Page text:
Telling Our Story with Finding Dory

With the release of the new movie Finding Dory, the pet industry has an opportunity to educate the public on fish keeping, environmental stewardship and the need to protect the aquarium hobby.



Later this month, Finding Dory, a highly anticipated sequel to the movie Finding Nemo, will swim into theaters across the country. While some media have chosen to portray this as a crisis-in-waiting for marine life, the reality is that it is a chance for those of us in the pet industry to engage large numbers of people across multiple generations. It’s up to us to inform them about the many ways the aquatics trade works to protect aquatic life, advance environmental responsibility and partner with hobbyists and newcomers alike to promote responsible fish keeping.

Finding Dory follows a sweet and amnesic Paracanthurus hepatus, also known as a palette surgeonfish, royal blue tang or hippo tang, as she seeks to reunite with her family. The concept, colors and characters are sure to be a hit with children of all ages. That’s what has some people worried.

In the years since the release of Finding Nemo, there have been several attempts to demonstrate a so-called “Nemo effect” on wild populations of clownfish. Despite the frequency with which it is cited, however, there is no real evidence to support such an effect. While the movie did encourage many families to consider bringing freshwater and marine aquariums into their homes, breeders and sellers of clownfish saw no appreciable rise in demand.

Even so, we in the responsible aquatics trade should be ready to tell our story when it comes to Finding Dory. We should be advocating aquariums as a great opportunity to introduce children to the requirements of pet ownership. We should be talking about the demonstrated health benefits aquariums offer to patients in long-term care facilities. But there are important things we need to do, as well.

We need to discuss the responsibilities and requirements that go into fish keeping, and to help interested newcomers find their right fish. We also need to talk about all of the positive things that the industry does to promote conservation, captive breeding and responsible collection practices around the world. And we need to partner with hobbyists and enthusiasts to defend aquarium keeping from those who would harm it through unnecessarily restrictive legislation.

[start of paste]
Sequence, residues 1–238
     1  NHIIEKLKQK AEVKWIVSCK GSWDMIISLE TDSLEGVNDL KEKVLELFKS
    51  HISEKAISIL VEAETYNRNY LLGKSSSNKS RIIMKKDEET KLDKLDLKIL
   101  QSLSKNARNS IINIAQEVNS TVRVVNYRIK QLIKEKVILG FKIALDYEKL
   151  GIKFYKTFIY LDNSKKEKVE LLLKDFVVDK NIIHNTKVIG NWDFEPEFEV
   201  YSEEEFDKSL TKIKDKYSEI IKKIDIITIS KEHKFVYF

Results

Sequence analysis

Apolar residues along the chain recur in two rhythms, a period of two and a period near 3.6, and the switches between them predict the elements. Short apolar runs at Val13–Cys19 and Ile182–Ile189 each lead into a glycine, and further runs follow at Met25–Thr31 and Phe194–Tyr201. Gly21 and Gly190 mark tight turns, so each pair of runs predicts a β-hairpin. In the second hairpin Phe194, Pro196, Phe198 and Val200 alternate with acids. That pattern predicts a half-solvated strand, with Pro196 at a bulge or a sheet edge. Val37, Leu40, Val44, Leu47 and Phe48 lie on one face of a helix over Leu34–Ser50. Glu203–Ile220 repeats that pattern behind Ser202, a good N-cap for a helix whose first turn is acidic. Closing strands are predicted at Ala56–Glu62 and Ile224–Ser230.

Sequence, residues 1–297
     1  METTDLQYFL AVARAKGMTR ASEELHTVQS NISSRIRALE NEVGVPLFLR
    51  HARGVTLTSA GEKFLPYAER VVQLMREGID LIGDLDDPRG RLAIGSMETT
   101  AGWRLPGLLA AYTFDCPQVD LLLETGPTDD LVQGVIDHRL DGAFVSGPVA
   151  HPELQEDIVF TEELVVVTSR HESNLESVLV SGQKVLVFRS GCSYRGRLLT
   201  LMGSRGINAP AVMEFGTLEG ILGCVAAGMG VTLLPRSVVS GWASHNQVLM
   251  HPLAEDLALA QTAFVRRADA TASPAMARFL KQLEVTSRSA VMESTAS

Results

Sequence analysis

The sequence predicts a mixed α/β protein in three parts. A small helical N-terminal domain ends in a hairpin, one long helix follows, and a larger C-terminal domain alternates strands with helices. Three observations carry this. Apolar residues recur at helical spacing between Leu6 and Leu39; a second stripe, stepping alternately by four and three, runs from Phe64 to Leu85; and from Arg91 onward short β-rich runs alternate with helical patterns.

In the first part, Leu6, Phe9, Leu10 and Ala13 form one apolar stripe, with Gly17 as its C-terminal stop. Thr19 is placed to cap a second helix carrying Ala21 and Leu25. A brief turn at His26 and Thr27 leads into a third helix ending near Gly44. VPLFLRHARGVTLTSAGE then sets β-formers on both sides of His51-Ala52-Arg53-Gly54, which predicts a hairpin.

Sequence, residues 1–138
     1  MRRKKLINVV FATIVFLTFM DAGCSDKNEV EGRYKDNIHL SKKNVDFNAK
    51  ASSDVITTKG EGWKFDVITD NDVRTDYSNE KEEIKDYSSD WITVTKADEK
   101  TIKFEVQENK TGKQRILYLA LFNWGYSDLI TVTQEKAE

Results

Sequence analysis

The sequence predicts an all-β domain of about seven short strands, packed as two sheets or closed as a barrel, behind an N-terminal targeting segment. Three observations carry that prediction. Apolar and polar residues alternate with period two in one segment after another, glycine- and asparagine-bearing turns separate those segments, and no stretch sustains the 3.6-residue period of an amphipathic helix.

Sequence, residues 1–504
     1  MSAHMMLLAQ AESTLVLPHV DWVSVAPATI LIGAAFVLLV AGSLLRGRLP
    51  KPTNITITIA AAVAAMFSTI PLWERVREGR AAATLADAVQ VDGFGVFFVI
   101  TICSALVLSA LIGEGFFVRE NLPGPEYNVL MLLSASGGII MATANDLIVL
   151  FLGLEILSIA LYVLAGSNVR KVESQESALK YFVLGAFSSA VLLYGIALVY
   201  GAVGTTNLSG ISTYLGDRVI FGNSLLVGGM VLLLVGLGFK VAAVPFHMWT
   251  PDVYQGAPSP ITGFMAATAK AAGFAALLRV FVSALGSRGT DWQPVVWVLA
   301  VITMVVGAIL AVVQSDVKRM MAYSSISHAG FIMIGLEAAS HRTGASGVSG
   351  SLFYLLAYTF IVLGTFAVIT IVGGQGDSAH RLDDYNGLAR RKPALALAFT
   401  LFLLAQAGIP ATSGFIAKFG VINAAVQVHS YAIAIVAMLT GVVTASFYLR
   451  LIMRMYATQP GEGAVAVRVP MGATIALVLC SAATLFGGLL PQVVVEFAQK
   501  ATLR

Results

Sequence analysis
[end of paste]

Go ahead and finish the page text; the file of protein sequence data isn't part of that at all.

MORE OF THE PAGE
While the industry is working to spread the word about our efforts through national campaigns, our greatest opportunity for advocacy occurs each and every time someone walks into a store interested in aquatics. In preparation for these conversations, we would encourage all retailers to keep in mind three key elements of telling our story with Finding Dory.

The first step in creating a new, lifelong aquarium enthusiast is matching them up with the ideal starter setup. While they may be enchanted by Dory and her friends, the reality is that a hippo tang requires a significant investment of space and resources to appropriately care for it. Discussions with a newcomer to aquarium keeping that focus on housing needs, care requirements and compatibility are essential; while some people may be prepared to care for a hippo tang, we can help guide others to alternatives that they are more likely to succeed with and enjoy.

Educated customers will want to know what we’re doing as in industry to ensure that we’re not harming the environment or endangering marine life in the course of supplying them with their aquarium fish.  This is an opportunity to discuss a wide range of industry initiatives that focus on environmental stewardship, support of indigenous collectors and sustainable aquaculture.  Some excellent examples of these efforts include:

• Habitattitude—This public-private partnership focuses on the importance of protecting the environment by not releasing unwanted fish, reptiles and aquatic plants into the wild.

Coral Restoration Foundation (CRF)—A nonprofit organization working to preserve and restore threatened coral species, the CRF is active around the world in cultivating and “outplanting” new coral to combat the declines that were experienced in previous decades.

• Project Piaba—Sustainable fishing is an economic driver along the Rio Negro in Brazil. Without this source of income, local peoples would be forced to turn to more environmentally impactful occupations such as mining and logging. Project Piaba promotes the Amazonian aquarium fish trade and helps to preserve it as a viable livelihood.

Rising Tide Conservation—This initiative focuses on the development of fish propagation techniques that allow for more marine ornamental species to be sustainably raised in captivity.

Aquatic enthusiasts are among the best-educated and most-engaged pet owners, and they recognize the need to defend their hobby against well-intentioned, but ultimately harmful, regulations and legislation. Developing relationships with the customers you supply – either individually or through local aquatic societies – is the key to being able to quickly and effectively engage. At the Pet Industry Joint Advisory Council (PIJAC), we maintain an Aquatic Defense Fund for exactly this purpose; contact us for more information on how to get involved.

With these concepts in mind, we can all work together to ensure that this film release and others like it in the future result in positive experiences and increased awareness.

Mike Bober is president and CEO of the Pet Industry Joint Advisory Council. For more information on ways to engage the public and your elected officials, contact him at


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